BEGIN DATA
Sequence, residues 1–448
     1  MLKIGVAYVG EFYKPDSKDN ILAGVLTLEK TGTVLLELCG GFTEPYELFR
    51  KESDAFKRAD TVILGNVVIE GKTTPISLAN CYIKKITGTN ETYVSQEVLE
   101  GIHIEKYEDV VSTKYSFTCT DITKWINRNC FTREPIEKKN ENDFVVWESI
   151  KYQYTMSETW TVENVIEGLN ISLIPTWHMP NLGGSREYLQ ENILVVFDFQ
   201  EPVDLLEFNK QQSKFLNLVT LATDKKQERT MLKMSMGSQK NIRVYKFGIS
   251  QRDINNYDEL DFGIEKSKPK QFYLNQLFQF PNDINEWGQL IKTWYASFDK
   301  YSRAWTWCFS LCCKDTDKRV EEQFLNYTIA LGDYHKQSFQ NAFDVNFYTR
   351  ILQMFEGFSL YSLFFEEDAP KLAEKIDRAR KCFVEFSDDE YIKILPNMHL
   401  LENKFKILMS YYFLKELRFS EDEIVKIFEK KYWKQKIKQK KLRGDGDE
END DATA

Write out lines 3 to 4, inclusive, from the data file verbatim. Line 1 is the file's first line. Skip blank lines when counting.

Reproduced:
    51  KESDAFKRAD TVILGNVVIE GKTTPISLAN CYIKKITGTN ETYVSQEVLE
   101  GIHIEKYEDV VSTKYSFTCT DITKWINRNC FTREPIEKKN ENDFVVWESI